Is That Really What You Want? How Do You Know? Thoughts from The Century of Self.

For with much wisdom comes much sorrow; the more knowledge, the more grief. — Ecclesiastes 1:18

A while back I saw a question on Quora that intrigued me. Someone asked, “What is the hardest truth?” Several thoughts came to mind, one of them being the awareness of how chained we are by habit, genetic disposition, the formative influence of our upbringing, our tastes, our temperaments… and that to change our selves is exceedingly hard and far more difficult than we imagine. The irony is that we believe we’re free agents. It certainly feels like we’re free. I can order anything on this menu that I want, right? I can watch any movie I want. Or read any book I want.

In 2002 the BBC broadcast a four-part documentary called The Century of Self. It’s an eye-opening look at recent history from a new angle, from “behind the curtain” as it were.

When we think of influential people in our lives, I doubt that very many of us think of Sigmund Freud. Most people (I have no evidence and am only guessing here) associate Freud with the idea of a patient lying on a couch talking to a psychologist taking notes, or with what seem like strange notions of repressed sexuality, Oedipal complexes and the like. The Century of Self addresses another way in which Freud influenced us, through techniques of mass manipulation developed and implemented by his nephew Edward Bernays, the founder of modern Public Relations (a term which itself is a euphemism for propaganda.)

“By satisfying the masses’ inner selfish desires one made them happy, and thus docile.” Bernays, this program claims, was central in the development of “the all-consuming self which has come to dominate our world today.” Why are there so many hoarders among us these days? How is it that there are so many storage facilities in existence today, a whole industry that sprang up to store excess stuff, stuff that people don’t use or need or know what to do with because they have so much other stuff?

The series has four parts. They were:

“Happiness Machines”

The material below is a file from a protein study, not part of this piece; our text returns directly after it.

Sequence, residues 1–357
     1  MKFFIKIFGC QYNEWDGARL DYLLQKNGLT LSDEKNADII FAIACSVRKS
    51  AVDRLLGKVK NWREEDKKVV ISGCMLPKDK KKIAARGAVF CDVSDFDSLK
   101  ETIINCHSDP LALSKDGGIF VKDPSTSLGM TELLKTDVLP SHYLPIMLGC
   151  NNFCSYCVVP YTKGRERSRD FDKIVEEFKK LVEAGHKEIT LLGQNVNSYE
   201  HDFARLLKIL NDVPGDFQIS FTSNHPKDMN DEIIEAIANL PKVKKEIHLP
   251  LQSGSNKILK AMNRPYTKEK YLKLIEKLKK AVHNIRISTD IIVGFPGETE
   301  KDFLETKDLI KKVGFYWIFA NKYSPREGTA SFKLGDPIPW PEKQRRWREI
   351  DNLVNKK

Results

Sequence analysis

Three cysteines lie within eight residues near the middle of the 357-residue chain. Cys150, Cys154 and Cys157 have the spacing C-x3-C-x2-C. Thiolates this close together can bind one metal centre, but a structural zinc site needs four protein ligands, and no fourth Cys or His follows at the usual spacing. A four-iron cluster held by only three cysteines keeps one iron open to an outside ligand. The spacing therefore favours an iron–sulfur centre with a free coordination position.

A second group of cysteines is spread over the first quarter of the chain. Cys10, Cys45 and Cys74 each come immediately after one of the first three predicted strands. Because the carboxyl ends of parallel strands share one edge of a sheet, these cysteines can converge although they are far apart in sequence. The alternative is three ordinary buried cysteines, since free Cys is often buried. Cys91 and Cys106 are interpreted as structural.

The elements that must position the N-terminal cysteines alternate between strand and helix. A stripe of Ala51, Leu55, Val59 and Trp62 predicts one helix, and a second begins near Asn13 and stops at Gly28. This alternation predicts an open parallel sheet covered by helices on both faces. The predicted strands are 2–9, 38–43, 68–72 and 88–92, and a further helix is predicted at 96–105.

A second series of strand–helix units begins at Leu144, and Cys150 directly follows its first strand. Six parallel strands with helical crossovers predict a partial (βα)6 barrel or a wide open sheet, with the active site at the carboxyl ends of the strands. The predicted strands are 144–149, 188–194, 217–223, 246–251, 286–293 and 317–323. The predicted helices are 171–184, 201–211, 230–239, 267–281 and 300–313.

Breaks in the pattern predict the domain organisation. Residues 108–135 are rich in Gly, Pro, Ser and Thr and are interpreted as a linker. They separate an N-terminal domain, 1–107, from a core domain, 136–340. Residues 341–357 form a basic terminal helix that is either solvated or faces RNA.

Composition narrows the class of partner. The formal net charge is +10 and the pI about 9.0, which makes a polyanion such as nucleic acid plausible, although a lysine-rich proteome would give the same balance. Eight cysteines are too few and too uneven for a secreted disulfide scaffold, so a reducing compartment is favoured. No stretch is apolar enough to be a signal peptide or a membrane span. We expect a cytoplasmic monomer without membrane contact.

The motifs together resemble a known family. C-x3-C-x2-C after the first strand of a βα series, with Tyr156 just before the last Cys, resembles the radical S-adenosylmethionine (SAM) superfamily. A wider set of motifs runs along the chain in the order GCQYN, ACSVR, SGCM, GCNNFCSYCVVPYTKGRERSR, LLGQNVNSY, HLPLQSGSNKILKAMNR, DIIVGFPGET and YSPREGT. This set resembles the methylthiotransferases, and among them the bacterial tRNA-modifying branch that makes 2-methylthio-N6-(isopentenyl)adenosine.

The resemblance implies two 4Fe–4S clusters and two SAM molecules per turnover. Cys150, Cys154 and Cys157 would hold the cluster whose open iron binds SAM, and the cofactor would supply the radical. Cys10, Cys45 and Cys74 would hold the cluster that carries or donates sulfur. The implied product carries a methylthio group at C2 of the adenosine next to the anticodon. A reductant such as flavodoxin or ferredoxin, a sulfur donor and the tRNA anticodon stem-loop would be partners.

“The Engineering of Consent”
“There is a Policeman Inside All Our Heads; He Must Be Destroyed”
“Eight People Sipping Wine in Kettering”

A description of Part 1 includes this paragraph:

“Bernays was one of the main architects of the modern techniques of mass-consumer persuasion, using every trick in the book, from celebrity endorsement and outrageous PR stunts, to eroticizing the motorcar. His most notorious coup was breaking the taboo on women smoking by persuading them that cigarettes were a symbol of independence and freedom. But Bernays was convinced that this was more than just a way of selling consumer goods. It was a new political idea of how to control the masses. By satisfying the inner irrational desires that his uncle had identified, people could be made happy and thus docile.”

The BBC PR for this documentary describes the program this way:

“To many in politics and business, the triumph of the self is the ultimate expression of democracy, where power has finally moved to the people. Certainly, the people may feel they are in charge, but are they really? The Century of the Self tells the untold and sometimes controversial story of the growth of the mass-consumer society. How was the all-consuming self created, by whom, and in whose interests?”

* * * *

There’s much more that can be said here. If you have time, the programs are enlightening. You can also read a synopsis here on Wikipedia.

Meantime, life outside goes on all around you. Think about it.

Originally published at
Related Link: “
What is the Hardest Truth?

An avid reader who writes about arts, culture, literature & other life obsessions. @ennyman3 Look for my books on Amazon

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